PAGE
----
In future, make sure you shoot your shots as safely and as cleanly as possible, and try not to miss again by making sure you're in the vein the whole way through (as hard as that may be for you; how are your veins?). My principal advice for now would be to get to a doctor, if possible. However, if you can't or don't want to do that, then you can do it yourself, but a doctor can do a clean, thorough job of it, and make sure the abscess doesn't resurface due to retained liquid or anything (another aspect I was lucky on). I understand if this is not an option though (we all know junkie stigma here), so follow my advice above if this is the case. If the abscess gets worse, won't drain, or you begin to feel ill, I'm afraid you need to get to the hospital, as you could possibly have a life-threatening bacterial infection. Do not mess around if you feel any of these symptoms, as you could likely end up losing a limb or dying. I can't stress that point hard enough. I don't mean to scare you, but you need to know the facts, and it would be absurd for you to die over something so petty and (more importantly) avoidable.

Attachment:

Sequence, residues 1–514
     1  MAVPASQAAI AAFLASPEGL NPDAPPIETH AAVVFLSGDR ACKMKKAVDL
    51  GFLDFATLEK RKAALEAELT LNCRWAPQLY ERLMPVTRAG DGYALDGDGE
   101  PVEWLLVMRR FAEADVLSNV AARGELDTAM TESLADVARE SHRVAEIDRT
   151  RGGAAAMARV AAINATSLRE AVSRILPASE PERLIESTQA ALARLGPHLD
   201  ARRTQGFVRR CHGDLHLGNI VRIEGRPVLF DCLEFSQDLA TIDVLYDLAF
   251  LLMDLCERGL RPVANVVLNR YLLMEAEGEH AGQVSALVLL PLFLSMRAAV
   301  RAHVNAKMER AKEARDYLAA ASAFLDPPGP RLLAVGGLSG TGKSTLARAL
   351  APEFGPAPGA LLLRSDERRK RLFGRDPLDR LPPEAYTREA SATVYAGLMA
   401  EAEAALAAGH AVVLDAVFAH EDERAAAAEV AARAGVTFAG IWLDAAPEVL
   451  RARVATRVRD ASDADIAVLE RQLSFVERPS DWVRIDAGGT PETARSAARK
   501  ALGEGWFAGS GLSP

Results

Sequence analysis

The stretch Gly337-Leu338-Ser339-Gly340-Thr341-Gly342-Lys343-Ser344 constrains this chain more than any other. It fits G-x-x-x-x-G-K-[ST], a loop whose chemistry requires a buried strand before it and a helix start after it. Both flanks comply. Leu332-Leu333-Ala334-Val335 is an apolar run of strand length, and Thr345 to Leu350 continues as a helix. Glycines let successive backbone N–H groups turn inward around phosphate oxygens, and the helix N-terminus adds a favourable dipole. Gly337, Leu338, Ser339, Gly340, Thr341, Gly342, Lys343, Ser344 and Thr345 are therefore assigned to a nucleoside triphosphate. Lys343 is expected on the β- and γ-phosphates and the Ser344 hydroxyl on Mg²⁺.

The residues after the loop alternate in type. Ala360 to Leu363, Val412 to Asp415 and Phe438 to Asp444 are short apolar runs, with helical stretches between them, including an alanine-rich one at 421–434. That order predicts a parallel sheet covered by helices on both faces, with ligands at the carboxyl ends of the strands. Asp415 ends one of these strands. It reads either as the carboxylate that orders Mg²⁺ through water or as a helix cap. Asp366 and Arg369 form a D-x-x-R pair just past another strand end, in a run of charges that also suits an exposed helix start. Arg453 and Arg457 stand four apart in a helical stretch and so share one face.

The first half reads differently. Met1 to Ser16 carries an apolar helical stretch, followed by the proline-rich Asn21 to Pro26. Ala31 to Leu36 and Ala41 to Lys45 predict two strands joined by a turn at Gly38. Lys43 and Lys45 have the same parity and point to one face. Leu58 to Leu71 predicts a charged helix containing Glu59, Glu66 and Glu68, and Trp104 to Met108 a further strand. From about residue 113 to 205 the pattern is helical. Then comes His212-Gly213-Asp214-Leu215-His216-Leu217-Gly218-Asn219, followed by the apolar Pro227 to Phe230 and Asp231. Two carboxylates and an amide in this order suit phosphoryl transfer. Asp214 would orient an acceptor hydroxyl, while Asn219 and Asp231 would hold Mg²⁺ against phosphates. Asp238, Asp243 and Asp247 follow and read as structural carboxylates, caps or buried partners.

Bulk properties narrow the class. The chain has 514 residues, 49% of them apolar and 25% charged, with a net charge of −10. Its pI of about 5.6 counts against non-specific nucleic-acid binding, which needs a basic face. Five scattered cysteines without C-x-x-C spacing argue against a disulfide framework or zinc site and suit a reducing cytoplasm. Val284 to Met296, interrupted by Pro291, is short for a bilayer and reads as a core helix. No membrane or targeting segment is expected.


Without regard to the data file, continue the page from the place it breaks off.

Then, we get a peek inside another stomach, this time a human one. Mary returns, with help from writer Fred Kaufman , to tell the improbable story of Dr. William Beaumont and hunter-turned-living-science-experiment Alexis St. Martin. In 1822, an accidental shooting left St. Martin with a hole in his gut that wouldn't heal, but didn't kill him either. Instead, the opening gave Dr. Beaumont a one-of-a-kind window into the human body. And the strange relationship that developed between doctor and patient changed the way we understand digestion.